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Updated: May 28, 2020

All businesses need capital to grow. This is especially true in most of Africa.

Ovamba, which is often referred to as a “fintech” platform, specializes in trade and technology. It was founded in 2013 and launched a successful pilot in Cameroon in 2014. Ovamba’s strategic focus is to offer businesses in the formal and informal sector short-term capital for the importation of wholesale/retail goods and to support exportation of commodities such as coffee, cocoa, and cashews. The inspiration came to us when we observed how the under-developed business ecosystem was compounding the problem of access to capital. Applied technology, especially in the finance and trade sectors, brings the creative freedom of innovation to markets and demographics where traditional solutions are restricted by regulation, leadership, or understanding of the changing needs of businesses.

Having noticed that banks and microfinance institutions were not closing the credit gap nor creating sustainable wealth, we were inspired to take a multi-track approach and offer a combination of capital and business support (such as logistics and warehousing), deep analytics, and alternative risk assessment algorithms. Ovamba specializes in culturally attuned innovations that respond to Africa’s varied ecosystem to fund businesses with the capital they desperately need to grow. We do this via mobile apps and online platforms that efficiently meet the demands of fast-moving small and medium-sized enterprises in ways that banks cannot. As one of the few providers of what we refer to as “tradetech” solutions in the market, we have had a long honeymoon and have now expanded beyond Cameroon into Côte d’Ivoire, with more markets coming online.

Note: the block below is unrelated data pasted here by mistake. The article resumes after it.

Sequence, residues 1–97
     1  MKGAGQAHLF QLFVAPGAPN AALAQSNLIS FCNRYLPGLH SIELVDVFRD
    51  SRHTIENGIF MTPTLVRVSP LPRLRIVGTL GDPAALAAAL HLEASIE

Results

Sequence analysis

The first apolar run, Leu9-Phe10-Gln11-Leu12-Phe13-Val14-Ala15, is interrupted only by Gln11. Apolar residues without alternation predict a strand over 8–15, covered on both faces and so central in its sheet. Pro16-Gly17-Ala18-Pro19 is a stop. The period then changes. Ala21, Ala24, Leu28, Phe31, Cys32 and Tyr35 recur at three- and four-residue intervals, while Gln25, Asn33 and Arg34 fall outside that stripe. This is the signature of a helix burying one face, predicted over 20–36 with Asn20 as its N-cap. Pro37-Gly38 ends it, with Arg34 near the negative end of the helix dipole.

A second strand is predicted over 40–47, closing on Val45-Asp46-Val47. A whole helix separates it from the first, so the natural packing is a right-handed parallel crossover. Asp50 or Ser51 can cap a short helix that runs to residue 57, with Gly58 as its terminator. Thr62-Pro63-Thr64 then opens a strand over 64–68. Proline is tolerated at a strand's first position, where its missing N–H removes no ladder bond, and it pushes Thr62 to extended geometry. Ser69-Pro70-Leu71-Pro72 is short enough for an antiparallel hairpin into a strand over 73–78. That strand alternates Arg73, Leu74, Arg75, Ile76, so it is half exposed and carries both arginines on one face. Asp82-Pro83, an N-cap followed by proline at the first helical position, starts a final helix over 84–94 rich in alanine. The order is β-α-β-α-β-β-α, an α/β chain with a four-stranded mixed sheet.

To date, Ovamba has funded approximately 270 small businesses with over 22 million euros ($25.4 million). Some of Ovamba’s customers are on their seventh transaction. Some customers have seen their businesses grow almost 450 percent over an 18-month period. Access to global suppliers has brought new diversity of products to the wholesale space. Demand for cocoa financing is up by more than 25 percent. New funding partners have been identified to satisfy this pipeline. Looking ahead, 2019 and 2020 look very promising indeed.

We have great optimism that small and medium-sized enterprise development in commodities exportation will continue to grow, requiring banks to provide more than basic services. At present, banks do not seem to be able to keep pace with the needs of these businesses. Ovamba believes this is an opportunity to innovate alternative risk models and financial services, such as sharia-compliant financing. These innovations are key to unlocking this new asset class. New asset classes along with capital velocity will go a long way to closing Africa’s business credit gap, which by some World Bank reports has continued to increase past $360 billion.